But many would drift away from the pack. Among the brave and valiant survivors forever changed by the war experience, there was a significant number of ex-GIs who refused to go back to their pre-war existence. They wanted more action. One of the ways to find it was on a big motorcycle with a lot of "drag"--acceleration--and a "growler," a loud, un-muffled exhaust, or "straight-pipe."

Feeling expatriated within their own country, these rebellious riders headed out on the highway, looking for adventure. The motorcycles they chose were mainly American, mostly Harley-Davidson, and the rules of the "sport" they participated in were the ones made up as they went along.

It was such a group of loosely organized, nonaligned motorcyclists that rode into a Harley-Davidson/AMA sponsored "lifestyle" event in Hollister in 1947 on the Fourth of July.

Robert Scheer

Riders in the Sly: A fun-loving couple are ready to continue their journey from Santa Cruz to San Jose as part of a recent Hell's Angels Poker Run.

Media Turns the Wheels of Mythology

JUST ONE SENSATIONALIZED account of what happened appeared in the San Francisco Chronicle, which covered the event in its pages for seven days. Reports of "as many as 12,000 persons" in attendance on the first day transmogrified to an "estimated 4,000 motorcyclists." Despite the inaccuracy, there was something strangely visionary about the Chronicle's editorial that cautioned, "It was a performance which clearly proved that the straight-pipe motorcyclist, individually, has been underestimated as a social anarchist."

Here was the germ of identity, the seed of inspiration, that would grow in the fertile American cultural landscape, nourished by the news and entertainment industry. The media chain-reaction that began with the Bay Area press soon went national. Papers across the country covered the story. Life ran a pictorial documentary with a meager 115 words based on reports from the wire services. In 1949, writer Frank Rooney produced a short narrative called "Cyclist Raid" based on his reading of the Life article. Rooney's narrative was picked up by Harper's and serialized in 1951.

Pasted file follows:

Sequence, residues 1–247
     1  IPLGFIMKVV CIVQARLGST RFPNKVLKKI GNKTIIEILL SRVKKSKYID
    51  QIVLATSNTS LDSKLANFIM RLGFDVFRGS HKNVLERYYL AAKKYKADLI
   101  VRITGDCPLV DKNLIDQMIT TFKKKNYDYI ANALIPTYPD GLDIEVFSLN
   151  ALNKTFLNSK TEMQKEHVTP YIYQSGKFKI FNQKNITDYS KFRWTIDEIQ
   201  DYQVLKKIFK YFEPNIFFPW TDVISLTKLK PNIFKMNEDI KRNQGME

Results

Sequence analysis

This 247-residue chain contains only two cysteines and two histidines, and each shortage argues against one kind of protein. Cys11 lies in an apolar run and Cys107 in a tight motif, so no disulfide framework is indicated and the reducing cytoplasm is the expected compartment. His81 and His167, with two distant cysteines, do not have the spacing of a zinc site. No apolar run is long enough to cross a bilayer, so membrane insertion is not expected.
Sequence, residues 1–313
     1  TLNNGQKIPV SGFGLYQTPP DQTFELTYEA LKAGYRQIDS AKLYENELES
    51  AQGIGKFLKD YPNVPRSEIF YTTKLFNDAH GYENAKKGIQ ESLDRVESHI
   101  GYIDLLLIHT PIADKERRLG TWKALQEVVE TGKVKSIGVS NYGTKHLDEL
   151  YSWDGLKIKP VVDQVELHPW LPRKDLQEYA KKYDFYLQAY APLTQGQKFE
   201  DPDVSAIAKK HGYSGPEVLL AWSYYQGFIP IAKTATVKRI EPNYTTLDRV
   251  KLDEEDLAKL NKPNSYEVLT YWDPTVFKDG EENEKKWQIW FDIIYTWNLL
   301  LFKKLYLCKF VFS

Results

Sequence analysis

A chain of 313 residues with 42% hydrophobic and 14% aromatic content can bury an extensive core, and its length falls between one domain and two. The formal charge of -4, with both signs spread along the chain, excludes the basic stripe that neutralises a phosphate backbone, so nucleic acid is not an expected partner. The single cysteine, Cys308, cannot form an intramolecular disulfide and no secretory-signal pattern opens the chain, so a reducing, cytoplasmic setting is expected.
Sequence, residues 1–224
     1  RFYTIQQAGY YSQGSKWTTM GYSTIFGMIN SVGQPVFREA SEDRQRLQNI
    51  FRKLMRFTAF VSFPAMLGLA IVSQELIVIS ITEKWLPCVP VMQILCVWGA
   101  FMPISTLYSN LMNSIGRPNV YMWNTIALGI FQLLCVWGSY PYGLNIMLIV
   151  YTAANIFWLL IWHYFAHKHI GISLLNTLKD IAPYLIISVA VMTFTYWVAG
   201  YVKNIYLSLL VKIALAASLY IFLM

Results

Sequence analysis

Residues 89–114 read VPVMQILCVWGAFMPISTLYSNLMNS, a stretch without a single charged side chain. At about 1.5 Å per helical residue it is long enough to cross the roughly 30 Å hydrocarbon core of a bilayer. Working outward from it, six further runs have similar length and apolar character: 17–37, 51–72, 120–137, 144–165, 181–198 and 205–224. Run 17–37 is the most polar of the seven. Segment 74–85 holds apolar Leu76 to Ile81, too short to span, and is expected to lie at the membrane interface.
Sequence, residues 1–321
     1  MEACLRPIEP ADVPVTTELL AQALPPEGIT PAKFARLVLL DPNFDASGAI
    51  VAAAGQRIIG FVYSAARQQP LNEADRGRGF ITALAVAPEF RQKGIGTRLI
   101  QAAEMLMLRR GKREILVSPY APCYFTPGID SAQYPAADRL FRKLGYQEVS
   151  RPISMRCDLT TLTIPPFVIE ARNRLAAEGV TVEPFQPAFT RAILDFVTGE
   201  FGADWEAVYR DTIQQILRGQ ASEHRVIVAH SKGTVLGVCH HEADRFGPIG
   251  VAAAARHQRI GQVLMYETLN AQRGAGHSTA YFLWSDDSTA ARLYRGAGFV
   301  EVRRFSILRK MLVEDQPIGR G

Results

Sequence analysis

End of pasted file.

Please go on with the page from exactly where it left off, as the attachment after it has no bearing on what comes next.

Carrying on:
Stanley Kramer read the Harper's serial and came up with the idea for a movie. John Paxton, author of the original screenplay of The Wild One, based his script on Kramer's reading of Harper's. This now classic film developed a theme for a generation to both identify and internalize: the outlaw biker--a myth that would become reality.

The big American motorcycle soon became a vehicle of antisocial mobility. Much to the chagrin of both the Harley-Davidson Motor Company and the American Motorcycle Association, the genre emerged around the late '60s and '70s as an identifiable, circumscribed lifestyle. More than a brand name, Harley-Davidson had become a way of life.

Robert Scheer